If you are a healthcare organization, business associate or covered entity that uses email, you know that any form of communication containing protected health information (PHI) needs to be encrypted to be HIPAA compliant.
For some secure messaging solutions, that means sending an email portal to an end-recipient to access the encrypted message. Typically, the subject line will indicate that the contents inside include sensitive information as a reasonable safeguard.
But if your email subject line reveals PHI–which can simply be a patient’s name–is that a HIPAA compliance violation?
In summary, yes.
How to Write a HIPAA Compliant Email Subject Line
When you send a secure email using most portal-based encrypted email solutions, only the message in the email portal is guaranteed to be secure.
If the recipient uses an email provider that does not support transport layer security (TLS), the email contents such as the email header information (email addresses, subject lines) and email body remain unencrypted – leaving them susceptible to HIPAA violations.
In order to comply with HIPAA regulations set by the Department of Health and Human Services (HHS), you must avoid including any patient information or ePHI in the subject line.
According to the HIPAA Privacy Rule § 164.514(b)(2), there are 18 designated PHI identifiers that you need to avoid. Some basic ones are:
- Names (including any part of the patient’s name or initials)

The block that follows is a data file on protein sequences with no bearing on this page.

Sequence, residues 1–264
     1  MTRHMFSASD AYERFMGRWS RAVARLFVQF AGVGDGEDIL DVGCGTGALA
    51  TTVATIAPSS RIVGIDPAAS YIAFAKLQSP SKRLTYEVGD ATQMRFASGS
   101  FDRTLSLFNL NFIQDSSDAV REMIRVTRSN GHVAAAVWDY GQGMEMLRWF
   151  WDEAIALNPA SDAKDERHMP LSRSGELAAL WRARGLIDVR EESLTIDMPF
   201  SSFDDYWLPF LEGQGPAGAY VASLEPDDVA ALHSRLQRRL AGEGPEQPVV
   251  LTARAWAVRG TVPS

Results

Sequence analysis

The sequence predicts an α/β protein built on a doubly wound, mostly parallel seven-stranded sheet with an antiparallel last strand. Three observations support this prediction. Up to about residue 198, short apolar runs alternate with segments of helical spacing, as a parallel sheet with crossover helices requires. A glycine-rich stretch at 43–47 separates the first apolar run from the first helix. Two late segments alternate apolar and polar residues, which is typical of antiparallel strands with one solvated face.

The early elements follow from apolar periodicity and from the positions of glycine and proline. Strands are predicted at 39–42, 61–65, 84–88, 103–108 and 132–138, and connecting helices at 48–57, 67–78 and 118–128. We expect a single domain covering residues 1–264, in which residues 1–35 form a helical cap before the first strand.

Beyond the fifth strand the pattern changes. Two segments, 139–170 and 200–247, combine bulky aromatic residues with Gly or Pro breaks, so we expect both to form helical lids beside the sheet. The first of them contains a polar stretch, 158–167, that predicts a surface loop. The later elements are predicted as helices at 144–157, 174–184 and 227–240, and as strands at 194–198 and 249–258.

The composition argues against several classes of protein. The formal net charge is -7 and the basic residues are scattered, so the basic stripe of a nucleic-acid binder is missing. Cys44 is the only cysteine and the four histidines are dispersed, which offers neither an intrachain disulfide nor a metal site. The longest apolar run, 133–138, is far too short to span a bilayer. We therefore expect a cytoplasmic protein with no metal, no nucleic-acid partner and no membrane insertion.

- County, City, or Zip Code
- Dates (all elements of dates related to an individual) including:
- Birth Date
- Admission Date
- Discharge Date
- Death Date
- Telephone numbers
- Fax numbers
- Email addresses
- Social Security numbers
To see the full list, click here.
What if a patient sends you an email with PHI in the subject line?
If your patient sends you an email containing PHI, you are not inherently responsible for it.
As stated directly by the Office for Civil Rights (OCR), “Patients may initiate communications with a provider using e-mail. If this situation occurs, the health care provider can assume (unless the patient has explicitly stated otherwise) that e-mail communications are acceptable to the individual. If the provider feels the patient may not be aware of the possible risks of using unencrypted e-mail or has concerns about potential liability, the provider can alert the patient of those risks, and let the patient decide whether to continue e-mail communications.”
However, you should still take the necessary steps to protect the patient’s PHI when you reply to their email.
As a healthcare organization, you have a duty to your patients and your reputation to protect PHI to the best of your ability.
When it comes to communicating with your patients by email:
- Never include any PHI in the email subject line or file attachment name – just in case, make sure the subject line is encrypted in transit.
- If you mention PHI in the body, make sure the email is encrypted from transmission to delivery.
- Make sure the email is being sent to the correct recipient.
Be sure you are thoroughly reviewing your email encryption vendors to see if subject lines are encrypted and safe. Although most email encryption solutions use portals that may compromise the subject line, some providers like Paubox can encrypt the entire message in transit.